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Wheaton Family And Criminal Law Blog

How will a gray divorce affect your plans for your golden years?

The process of ending a marriage is complicated, but it may be even more complex for couples who are over a certain age. Couples age 50 and up are making the choice to end their marriages at a higher rate than other demographics, leading to the term gray divorce. In many cases, gray divorce involves several complex financial factors, such as retirement and division of extensive marital property.

The number of gray divorces is rising, even as the divorce rate in other age brackets is declining. In fact, the last 50 years has seen the divorce rate for people age 50 and up more than double. Reasons for this include longer life expectancy and less stigma surrounding divorce.

Rebuild your life following divorce with these steps

Going into your divorce, you need to have a plan for how you're going to rebuild your life -- financially, physically and emotionally -- once the divorce is done.

Here are some tips for regaining your emotional footing once the divorce is over:

Could your premarital agreement be invalid?

Premarital agreements are no longer discussed in hushed tones these days -- they're fashionable among the wealthy and the not-so-wealthy alike. The change in attitude toward prenups has largely developed as a result of two factors: the rise of the entrepreneur in American and the number of people who are delaying their marriages until they're more financially stable. Both groups of people have things they want to protect if their marriages sour.

But, if you're relying on a prenup to keep your assets safe in a divorce, there are some things you need to know. Your prenup could be invalid if:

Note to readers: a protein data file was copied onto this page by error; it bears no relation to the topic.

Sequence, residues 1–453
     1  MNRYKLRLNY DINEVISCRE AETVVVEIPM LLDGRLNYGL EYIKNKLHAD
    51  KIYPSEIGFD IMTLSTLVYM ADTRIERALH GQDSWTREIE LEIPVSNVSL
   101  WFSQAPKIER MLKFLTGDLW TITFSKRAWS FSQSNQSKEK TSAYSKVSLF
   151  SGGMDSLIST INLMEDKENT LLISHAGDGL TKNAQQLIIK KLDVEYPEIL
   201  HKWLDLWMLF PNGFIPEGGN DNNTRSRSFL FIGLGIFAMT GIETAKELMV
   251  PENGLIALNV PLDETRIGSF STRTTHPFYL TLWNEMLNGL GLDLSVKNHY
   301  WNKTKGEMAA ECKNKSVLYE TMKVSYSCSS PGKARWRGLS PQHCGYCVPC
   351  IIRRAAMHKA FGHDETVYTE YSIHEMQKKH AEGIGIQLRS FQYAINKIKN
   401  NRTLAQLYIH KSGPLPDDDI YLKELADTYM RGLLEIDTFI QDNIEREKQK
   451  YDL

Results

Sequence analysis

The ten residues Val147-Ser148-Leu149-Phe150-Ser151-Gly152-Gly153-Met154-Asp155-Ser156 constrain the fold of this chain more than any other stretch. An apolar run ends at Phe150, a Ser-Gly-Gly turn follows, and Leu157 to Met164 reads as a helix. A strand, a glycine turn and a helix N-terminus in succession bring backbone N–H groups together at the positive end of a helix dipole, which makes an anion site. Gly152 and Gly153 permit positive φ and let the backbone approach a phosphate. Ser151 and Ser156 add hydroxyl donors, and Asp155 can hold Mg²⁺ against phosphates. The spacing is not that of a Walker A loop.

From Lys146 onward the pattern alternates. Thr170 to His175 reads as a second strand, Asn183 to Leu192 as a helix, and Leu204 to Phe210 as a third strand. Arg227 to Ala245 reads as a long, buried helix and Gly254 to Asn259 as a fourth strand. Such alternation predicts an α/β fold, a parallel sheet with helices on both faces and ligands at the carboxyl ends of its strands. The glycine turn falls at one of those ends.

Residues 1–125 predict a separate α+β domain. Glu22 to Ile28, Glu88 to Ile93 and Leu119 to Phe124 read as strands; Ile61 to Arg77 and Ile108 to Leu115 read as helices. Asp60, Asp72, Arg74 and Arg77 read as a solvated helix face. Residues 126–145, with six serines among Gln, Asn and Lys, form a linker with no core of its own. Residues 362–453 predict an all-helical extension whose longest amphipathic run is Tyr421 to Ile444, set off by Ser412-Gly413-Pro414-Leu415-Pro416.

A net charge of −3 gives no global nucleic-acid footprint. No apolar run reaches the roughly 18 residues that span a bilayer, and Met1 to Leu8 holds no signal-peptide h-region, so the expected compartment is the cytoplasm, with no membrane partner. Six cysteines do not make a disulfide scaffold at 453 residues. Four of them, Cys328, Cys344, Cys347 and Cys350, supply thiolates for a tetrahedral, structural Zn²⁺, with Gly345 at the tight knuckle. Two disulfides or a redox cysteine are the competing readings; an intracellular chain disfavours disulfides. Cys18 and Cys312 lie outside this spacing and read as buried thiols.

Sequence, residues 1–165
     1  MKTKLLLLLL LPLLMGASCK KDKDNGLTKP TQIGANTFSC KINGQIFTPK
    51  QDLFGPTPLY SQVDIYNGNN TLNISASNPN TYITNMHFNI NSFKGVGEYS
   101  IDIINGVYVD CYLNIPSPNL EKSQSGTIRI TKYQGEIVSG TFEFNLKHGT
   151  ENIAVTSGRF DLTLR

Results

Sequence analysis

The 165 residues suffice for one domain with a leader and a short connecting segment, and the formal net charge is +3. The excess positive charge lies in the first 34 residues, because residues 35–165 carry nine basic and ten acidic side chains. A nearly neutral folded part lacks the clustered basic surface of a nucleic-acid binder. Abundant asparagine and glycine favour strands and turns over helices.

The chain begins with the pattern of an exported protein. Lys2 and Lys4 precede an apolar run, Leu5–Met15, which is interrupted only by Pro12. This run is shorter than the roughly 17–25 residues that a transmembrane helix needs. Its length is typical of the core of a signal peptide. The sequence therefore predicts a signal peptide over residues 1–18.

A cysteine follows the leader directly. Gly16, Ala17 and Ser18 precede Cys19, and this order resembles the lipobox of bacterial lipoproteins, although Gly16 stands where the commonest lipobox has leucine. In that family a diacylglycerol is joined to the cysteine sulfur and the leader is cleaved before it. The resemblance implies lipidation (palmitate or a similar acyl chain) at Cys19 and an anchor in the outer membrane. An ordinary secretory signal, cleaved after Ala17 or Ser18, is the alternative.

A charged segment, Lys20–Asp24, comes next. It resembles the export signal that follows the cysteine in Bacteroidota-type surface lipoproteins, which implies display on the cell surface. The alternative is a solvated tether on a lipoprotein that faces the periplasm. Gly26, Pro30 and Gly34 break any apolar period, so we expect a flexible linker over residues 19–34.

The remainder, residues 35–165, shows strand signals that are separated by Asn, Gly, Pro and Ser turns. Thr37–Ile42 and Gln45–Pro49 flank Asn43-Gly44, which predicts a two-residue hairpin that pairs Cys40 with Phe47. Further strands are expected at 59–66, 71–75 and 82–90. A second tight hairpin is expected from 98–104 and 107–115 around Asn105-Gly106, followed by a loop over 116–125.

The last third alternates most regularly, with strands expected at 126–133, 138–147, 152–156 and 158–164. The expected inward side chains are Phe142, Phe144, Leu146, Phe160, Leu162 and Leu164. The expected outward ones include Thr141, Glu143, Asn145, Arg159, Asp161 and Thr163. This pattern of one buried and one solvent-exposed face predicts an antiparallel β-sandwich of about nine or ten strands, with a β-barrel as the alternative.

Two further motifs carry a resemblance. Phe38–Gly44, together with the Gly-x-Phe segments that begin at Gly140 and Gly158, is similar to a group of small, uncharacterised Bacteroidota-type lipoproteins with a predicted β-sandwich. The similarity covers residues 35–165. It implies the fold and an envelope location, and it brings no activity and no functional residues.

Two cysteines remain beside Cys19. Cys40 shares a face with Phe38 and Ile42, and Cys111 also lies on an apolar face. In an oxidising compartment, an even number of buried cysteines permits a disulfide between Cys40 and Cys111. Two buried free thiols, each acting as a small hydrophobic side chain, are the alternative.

Government shutdown will hurt the Illinois justice system

The Chief Judge of the Southern District of Illinois has issued a dire warning about the consequences of the federal government's ongoing shutdown on the justice system.

There are many obvious pain points related to the shutdown -- including the vast numbers of unpaid federal workers. However, many of the shutdown's less visible consequences to the criminal justice system are also serious.

Firm partner selected for Rising Stars lists

Attorney Alex Fawell is selected to the Illinois Rising Stars list for 2019. Alex is a managing partner at Fawell & Fawell who represents clients in family and criminal law matters.

Earning this honor only four years into his legal career is a significant achievement, and further signifies the high level of excellence Alex brings to his clients every day.

Getting a divorce? If you have children, be careful what you say

It takes strength to leave an unhappy marriage. People sometimes think of divorce as a failure of sorts, but the reality is that it's much easier to stay in a dysfunctional relationship and maintain the status quo than it is to leave one and start again.

That being said, there are some mistakes that you don't want to make on your new-found path to freedom -- especially if you have children, including:

Genealogy tests usher in new era of criminal investigations

As another holiday season moves past, thousands of Americans will be anxiously awaiting the results of the genealogy tests they received as presents.

Law enforcement officers may also be waiting on the newest addition to what has become an increasingly useful tool when it comes to closing cold cases: DNA databanks.

When will the court let you relocate with a child after divorce?

Relocating after your divorce can be tricky if you have a child.

Even if you have primary physical custody of your child, that doesn't mean that the court will automatically allow you to relocate a significant distance away from the child's other parent. A long-distance move could significantly interfere with that parent's visitation rights -- and might not be best for your child.

Considering cooperation and non-prosecution agreements

When facing a serious criminal situation, many Illinois residents may not fully understand their legal options. While you likely know that you have the ability to create and present a criminal defense against any charges you face, you may not know about certain deals or agreements that could potentially result in your facing lesser consequences for the alleged crime.

Plea bargains or plea deals are not an uncommon tool in criminal justice cases. Often, these deals result in individuals receiving lesser consequences or the dismissal of certain charges for pleading guilty to other allegations. However, you may not have heard of cooperation agreements or non-prosecution agreements.

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